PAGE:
The Earth, My Butt, and Other Big Round Things

The Earth, My Butt, and Other Big Round ThingsFifteen Year Old Virginia Shreves Has A Larger Than Average Body And A Plus Size Inferiority Complex, Especially When She Compares Herself To Her Slim, Brilliant, Picture Perfect Family But That S Before A Shocking Phone Call And A Horrifying Allegation About Her Rugby Star Brother Changes Everything With Irreverent Humor And Surprising Gravity, Carolyn Mackler Creates An Endearingly Blunt Heroine Who Speaks To Every Teen Who Struggles With Family Expectations, And Proves That The Most Impressive Achievement Is To Be True To Yourself Realistic characters Well written Virginia could be someone you actually know Virginia could even be you Anyone who s ever been given a variation of the criticism, You could be pretty if and anyone who was chubby in high school and looked down on for it will be able to greatly empathize with Virginia One thing that struck a note of reality with me was Virginia s mother I used to teach and had a student who transferred to my school a couple of months into the school year She was in one of my classes Her transfer grades were excellent, all As and Bs Remarks and comments in her file from previous teachers indicated she was also well behaved and nice to be around All that changed when she came to the school where I was teaching Her mother had gone back to work as a child pyschologist, overseeing an entire hospital based clinic for troubled teens The mother was so focused on her work and so convinced her two children were perfect that when her son and daughter both began acting out at school, the woman refused to believe it was her children She kept trying to blame everyone else She actually said in a conference with one of the vice principals and me that her daughter was NEVER a problem until she came to us and clearly we had it out for her child Later, that vice principal told me that before I arrived for the meeting, he d mentioned that it wasn t just big behaviors and failing grades that was getting the girl in trouble but small things as well such as gum chewing The mother stood there hotly denying her daughter even chewed gum while the girl stood right beside her blowing huge, pink bubbles and popping them Reading the constant denial and unwillingness to see her children s imperfections that Virginia s mother displays throughout the book reminded me so much of this woman I met years ago Another theme that strikes a reality note is Virginia turning her anger onto herself, both physically and mentally Anyone who s ever pinched, hit, cut, or burned themselves and had thoughts of, If only I weren t fat stupid ugly short tall etc will truly grasp the torment Virginia puts herself through.An excellent book that I highly recommend Find all of my reviews at Here s an important message to all of the people who made this selection top the Banned Books List Do you actually think that by removing stories like these from school libraries that it will also magically eliminate any nastiness from ever occurring to your speshul snowflakes I mean, I understand that Virginia might not be everyone s idea of a great time, but silencing her won t keep the superbadawful stuff from happening.The good news is, I loved Virginia enough for at least 20 or 25 naysayers And I loved the messages contained in this little slice of awesome even Sure things got wrapped up in a tidier way than would happen in real life, but it s a YA book FFS What s the message supposed to be Everything is horrible and life sucks That s what the grit lit genre is for So what kind of things are within the pages of this little gem Well, I ll tell you But first, to all the helicopter parents out there The Earth, My Butt, and Other Big Round Things tells some straight up truths such asLosing your virginity is sloppy and painful and about as fun as getting your toe amputated, so it should definitely happen with someone you care aboutVirginia learns that maybe her brother didn t really deserve to be put up on a pedestal like she always thought when he gets kicked out of college And discovers that while she feels this wayI know what it s like to hate your body so much that you want to hurt itEven a person who she thought was perfect, might be hiding the truth about what they do to get there Most importantly, Virginia eventually comes to terms with the fact that this line of thinking is disgusting Because everyone deserves friendship and love no matter their size I loved watching Virginia find her voice and realize thatI think people can choose to be victims or they can choose to be empowered and to carry on That s what I want To be empoweredHighly recommended.And to any youngster who might be reading this review who can relate to Virginia Please remember This one was a strange mix of empowering and kinda problematic for me I m a bit at a loss of what to think tbh I got sent this review copy from the publishers and it s actually been rewritten updated by the author to fit into being a modern 2018 book The original was set in 2003 which, we ALL KNOW Is when dinosaurs were still around The underline of the whole story is nobody is perfect Which is a good message And honestly I love how Virginia learned to accept and love herself for who she is, to not be ashamed of being fat, and to stop being crushed by her family s smothering expectations However it is like this wiiiildly easy pendulum swing of how fast she goes from one day self harming and starving herself to just loving herself 00 I feel like mental illness is a lot deeper rooted than that.AND okay yes nobody is perfect but that doesn t mean you can be horrific and just be easily forgiven Consequences, ok But Virginia is such a nice person She s kind of funny and honest and she believes very deeply about things I really enjoyed her narration But alsooooThere were some things that seriously freaking disturbed me And I m not totally keen on how they were handled Virginia says seriously HORRIBLE things about herself to start, but she never really takes that back I kind of felt at the end she was happy despite being fat, not just happy to be herself that might be me misunderstanding though HER PARENTS ARE AWFUL Her mum is a child psychologist, but legit praises her daughter for getting an eating disorder also her MUM has an eating disorder Her dad openly comments on his daughter s weight, tells the mum she s fat if she doesn t just eat lettuce, etc etc view spoiler But as soon as Virginia says that s not cool dad at the endhe s cured 00 hide spoiler This book has trigger warnings for depression, rape, self harm and bulimia So keep that in mind if you decide to pick up this book.I did enjoy it but there were some things that I did not like The first thing is that it took to long to get anywhere The first 100 pages were the same story, and for a book that is 250 pages long, it shouldn t have taken that long to get into it I felt there wasn t much of a plot.Another thing is that the ending happened quickly The book rounded itself off too fast for the pacing that was started in the first 200 pages I feel like the author could have taken the last 50 pages or so and flush them out to make a longer book Something I did like was the connection I felt with Virginia I connected with her on so many levels. I m wavering between a 3.5 and a 4 on this one Very quick read The book is about Virginia a girl trying to live in a picture perfect family when she herself does not feel quite so picture perfect Dealing with being overweight, critiqued and facing a family crisis, Virginia deals with teenage issues.On paper, Virginia has it all A super slim beautiful Mother, and caring family She is wealthy and can basically do whatever she likes Her best friend goes away for the summer and Virginia is left on her own so to speak Virginia has a lot of insecurities She is overweight and gets ridiculed about her weight She has a lot of anger which she turns on herself This story is awkward, depressing, funny, basically it feels like a teenager Like how Virginia feels. I LOVED this book in high school I remember reading it repetitively because I just adored the main character, Virginia Shreves I remember relating to her so, so well and supporting her over and over, always urging her on I was her biggest fan More often than not, I found myself wishing for what she wished for, dreaming of what she dreamt, and hoping and believing in her, because if everything could turn out okay for Virginia, it could turn out for me, too.Mostly, I remember thinking that we were so alike, and yet so different, because whereas she overcame her insecurities, I was still waiting for my miracle But she gave me hope that it could and would happen.This is definitely one of those books that can make you laugh and cry all at once It s awkward, funny, embarrassing, depressing Just about any teenager can relate to this at some point To be honest, I can t believe I forgot about this book until now This book was like my bible in high school I d recommend it to anyone who has ever felt like an outsider Even if it was just for a few seconds. The thing I hate about most realistic teen fiction, especially those attempting to tackle issues, like self esteem and body image, and so forth, is that the characters always experience some profound transformation within in the span of a few months, and everything gets wrapped up and tied with a nice little bow by the end of the book This book was no exception to the rule Our heroine, Virginia, is a misfit teen who hides from the world by immersing herself in the Internet, movies pop culture magazines She lives by the Fat Girl Code of Conduct, which is neatly summarized for us in one her lists in the first few pages and actually is one of the better inventions of the book , and feels out of place in her seemingly perfect family But when her older brother, who Virginia has always worshiped, gets into trouble and has to leave school, Virginia starts seeing that her family isn t as perfect as she thought and that she has plenty to be proud of herself I think there are some valuable messages in here to teen girls about body image, being yourself and not putting people on pedestals but also think that the simplistic and heavy handed fashion in which those messages are delivered might be off putting to many teens, who are much sophisticated readers than this book assumes they are Maybe this book is for tweens than older teens, but still I think there are plenty of other books girls could read and draw the same conclusions from that are better written and have believable characters. This book is a TIME CAPSULE.I read this exclusively because I got an ARC of the sequel, which is inexplicably coming out this year Yes A sequel To this 2003 contemporary Which couldn t do a better job of capturing a bygone, offensive, outdated way of looking at weight if that were its goddamn purpose.For the most part, this is just a strange reading experience When I was in elementary school, I was obsessed with reading contemporaries well above the age I was supposed to be reading Mom, what s a blowjob Me at age nine because of a contemporary I can t remember but which I do know had a girl swimming on the cover and 10th grade and up written in pencil in the margin of the title page It was really easy to access these books because I lived in a neighborhood with a library in it, and the library then had a very small, very limited young adult section It was pretty much all early to mid 2000s contemporaries like this one And since the whole thing was limited to a handful of shelves, I read almost all of them I didn t even like them, necessarily I read them disinterestedly, with detachment, as if I were a researcher studying slugs who correctly views slugs as being mildly disgusting.Also like slugs, these books were largely interchangeable Slugs all look the same, I think, and I will not confirm this because I refuse to look it up and therefore voluntarily regard a slug Reading this book was like being forced to reread a book nine or ten year old me read with the clear, clear eyes that a decade of character development has brought me.It was not a fun experience.Outside of that, even, there was a wildly outdated depiction of being overweight It is not impossible to be fat and healthy Any generalized stigmatization of fatness is an unfair one But in this book, fat is equated to bad Virginia s being fat and the only fat person in her family is such a demonstrably negative thing in this book that she hates herself, and believes that everyone in her family hates her, and thinks she s ugly and that everyone thinks she s ugly She thinks her best friend is embarrassed of her and tired of her She thinks her parents are ashamed of her.She turns to crash diets and over exercise and even self harm By the end of the book, she appears to suddenly love herself on the basis of an eyebrow piercing and a bathroom dye job, but none of the really damaging things in this book are confronted Including vitriolic, self hating lists of what fat girls are allowed to do in relationships and otherwise.It was 2003 A lot has changed since then But that doesn t mean I enjoyed reading it.Bottom line The sequel has a hell of a lot of damage repair to do in order to justify its existence. Okay, this book is 15 years old and I just read it now since I have an ARC of book 2 which comes out at the end of May I adored all of the body positive and sexual awareness stuff in this story, although I do have a few minor issues about how food is discussed I think if this book had been written in 2018 it would have been addressed a bit differently, but I respect that I m reading this 15 years late I m VERY interested in how book 2 is going to address the massive technology differences between when this book was written and now it makes sense that a 15 year old book will include outdated technology, but when the sequel is set in just the next year, but written 15 years laterwe shall see Is this in the historical fiction realm yet It just reminds me of how much tech dates books and how avoidances of technology references can help a book live past its publishing date so much easily I ll keep you posted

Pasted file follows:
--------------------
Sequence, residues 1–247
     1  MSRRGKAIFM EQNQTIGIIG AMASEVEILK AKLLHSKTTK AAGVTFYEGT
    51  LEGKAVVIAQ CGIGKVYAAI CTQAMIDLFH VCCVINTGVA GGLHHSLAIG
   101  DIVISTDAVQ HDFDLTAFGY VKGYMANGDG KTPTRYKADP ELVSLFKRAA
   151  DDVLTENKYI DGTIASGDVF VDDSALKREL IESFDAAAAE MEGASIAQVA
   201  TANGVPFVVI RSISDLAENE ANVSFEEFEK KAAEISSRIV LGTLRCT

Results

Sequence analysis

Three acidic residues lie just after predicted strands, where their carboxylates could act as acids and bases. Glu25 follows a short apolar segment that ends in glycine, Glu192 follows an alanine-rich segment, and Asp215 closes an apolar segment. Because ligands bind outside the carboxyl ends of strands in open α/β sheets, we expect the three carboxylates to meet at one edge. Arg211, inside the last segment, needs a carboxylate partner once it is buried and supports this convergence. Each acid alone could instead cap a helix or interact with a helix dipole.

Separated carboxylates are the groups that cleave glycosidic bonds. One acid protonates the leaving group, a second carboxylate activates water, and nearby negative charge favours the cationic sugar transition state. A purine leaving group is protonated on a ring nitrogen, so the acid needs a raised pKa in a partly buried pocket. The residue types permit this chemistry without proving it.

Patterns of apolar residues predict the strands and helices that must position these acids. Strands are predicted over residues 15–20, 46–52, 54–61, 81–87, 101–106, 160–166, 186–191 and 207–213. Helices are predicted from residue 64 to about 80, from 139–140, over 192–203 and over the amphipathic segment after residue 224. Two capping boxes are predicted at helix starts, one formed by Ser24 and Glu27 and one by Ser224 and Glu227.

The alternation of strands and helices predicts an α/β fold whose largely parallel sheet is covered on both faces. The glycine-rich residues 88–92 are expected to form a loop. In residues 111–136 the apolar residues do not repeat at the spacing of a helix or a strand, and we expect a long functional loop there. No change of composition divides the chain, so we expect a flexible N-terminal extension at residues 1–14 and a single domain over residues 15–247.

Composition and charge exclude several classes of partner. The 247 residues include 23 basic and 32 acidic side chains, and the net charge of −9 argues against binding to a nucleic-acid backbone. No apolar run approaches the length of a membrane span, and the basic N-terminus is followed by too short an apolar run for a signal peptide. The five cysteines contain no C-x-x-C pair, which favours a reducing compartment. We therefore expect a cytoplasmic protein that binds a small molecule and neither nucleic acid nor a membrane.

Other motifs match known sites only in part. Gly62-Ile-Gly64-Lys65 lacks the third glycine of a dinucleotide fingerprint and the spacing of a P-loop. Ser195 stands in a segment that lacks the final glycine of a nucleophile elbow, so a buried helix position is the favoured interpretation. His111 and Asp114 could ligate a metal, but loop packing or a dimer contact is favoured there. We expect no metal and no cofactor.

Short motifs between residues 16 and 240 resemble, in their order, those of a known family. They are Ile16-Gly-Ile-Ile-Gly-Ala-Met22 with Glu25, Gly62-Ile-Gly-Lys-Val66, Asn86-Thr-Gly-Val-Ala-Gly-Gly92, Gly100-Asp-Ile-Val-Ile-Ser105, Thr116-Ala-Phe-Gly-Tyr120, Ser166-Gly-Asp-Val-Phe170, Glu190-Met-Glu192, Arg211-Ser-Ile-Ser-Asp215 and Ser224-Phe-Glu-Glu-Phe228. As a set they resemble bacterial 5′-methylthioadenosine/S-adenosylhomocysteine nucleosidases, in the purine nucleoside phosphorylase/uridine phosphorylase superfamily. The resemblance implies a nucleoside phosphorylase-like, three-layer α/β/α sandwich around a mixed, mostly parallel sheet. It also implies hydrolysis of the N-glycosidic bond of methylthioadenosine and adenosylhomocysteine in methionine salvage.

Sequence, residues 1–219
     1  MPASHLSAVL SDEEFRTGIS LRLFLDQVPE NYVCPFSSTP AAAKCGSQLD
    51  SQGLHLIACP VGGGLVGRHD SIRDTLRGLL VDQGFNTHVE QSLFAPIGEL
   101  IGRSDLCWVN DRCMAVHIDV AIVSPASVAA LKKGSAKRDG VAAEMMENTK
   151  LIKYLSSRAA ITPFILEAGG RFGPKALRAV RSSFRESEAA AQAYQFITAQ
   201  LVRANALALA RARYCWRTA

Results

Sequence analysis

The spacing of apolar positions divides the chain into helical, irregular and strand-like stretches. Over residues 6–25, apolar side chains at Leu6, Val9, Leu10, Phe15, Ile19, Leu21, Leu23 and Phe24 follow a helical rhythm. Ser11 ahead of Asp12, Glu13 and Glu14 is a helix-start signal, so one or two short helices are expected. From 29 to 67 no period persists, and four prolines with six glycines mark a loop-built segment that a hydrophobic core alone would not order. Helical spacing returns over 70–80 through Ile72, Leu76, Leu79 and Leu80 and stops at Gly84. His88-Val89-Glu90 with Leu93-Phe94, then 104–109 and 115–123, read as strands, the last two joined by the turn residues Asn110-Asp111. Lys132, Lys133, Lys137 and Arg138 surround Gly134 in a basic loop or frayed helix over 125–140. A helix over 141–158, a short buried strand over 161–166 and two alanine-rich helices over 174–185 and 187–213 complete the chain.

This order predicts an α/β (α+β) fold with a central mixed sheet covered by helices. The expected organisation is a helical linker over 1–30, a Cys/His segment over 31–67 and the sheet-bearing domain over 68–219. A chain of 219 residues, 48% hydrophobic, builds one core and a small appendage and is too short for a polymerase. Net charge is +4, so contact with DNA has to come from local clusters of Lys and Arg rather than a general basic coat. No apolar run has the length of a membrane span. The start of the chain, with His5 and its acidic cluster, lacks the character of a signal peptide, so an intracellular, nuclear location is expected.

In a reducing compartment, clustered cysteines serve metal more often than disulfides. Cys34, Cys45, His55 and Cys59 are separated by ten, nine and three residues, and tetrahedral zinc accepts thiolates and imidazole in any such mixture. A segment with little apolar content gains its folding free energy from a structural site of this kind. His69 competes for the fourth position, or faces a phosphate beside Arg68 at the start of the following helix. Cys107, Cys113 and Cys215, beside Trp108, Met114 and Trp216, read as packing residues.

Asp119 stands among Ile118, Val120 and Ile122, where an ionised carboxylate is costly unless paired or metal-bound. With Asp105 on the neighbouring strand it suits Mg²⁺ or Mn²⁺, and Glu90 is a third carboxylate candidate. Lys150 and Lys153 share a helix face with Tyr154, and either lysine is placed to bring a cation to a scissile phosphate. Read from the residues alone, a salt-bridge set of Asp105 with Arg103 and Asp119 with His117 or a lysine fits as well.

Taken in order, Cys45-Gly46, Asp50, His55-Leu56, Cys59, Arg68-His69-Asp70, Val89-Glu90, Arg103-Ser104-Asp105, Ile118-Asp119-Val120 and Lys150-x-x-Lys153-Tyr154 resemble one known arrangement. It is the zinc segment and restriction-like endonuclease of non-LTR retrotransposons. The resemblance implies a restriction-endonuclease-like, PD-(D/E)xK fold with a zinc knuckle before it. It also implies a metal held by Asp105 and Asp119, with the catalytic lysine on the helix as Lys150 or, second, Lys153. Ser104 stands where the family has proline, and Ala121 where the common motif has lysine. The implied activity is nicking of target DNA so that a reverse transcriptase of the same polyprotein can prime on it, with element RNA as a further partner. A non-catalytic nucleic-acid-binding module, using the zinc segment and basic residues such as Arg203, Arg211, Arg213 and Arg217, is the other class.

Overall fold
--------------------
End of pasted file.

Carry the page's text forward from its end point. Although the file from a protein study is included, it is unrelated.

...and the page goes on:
Carolyn Mackler is the author of the popular teen novels, The Earth, My Butt, and Other Big Round Things A Michael L Printz Honor Book , Infinite in Between, Tangled, Guyaholic, Vegan Virgin Valentine, and Love and Other Four Letter Words Carolyn s novel, The Future of Us, co written with bestselling author Jay Asher, received starred reviews and appeared on several bestseller lists Carolyn

❴KINDLE❵ ❀ The Earth, My Butt, and Other Big Round Things Author Carolyn Mackler –
  • Paperback
  • 256 pages
  • The Earth, My Butt, and Other Big Round Things
  • Carolyn Mackler
  • English
  • 10 October 2019
  • 9780763620912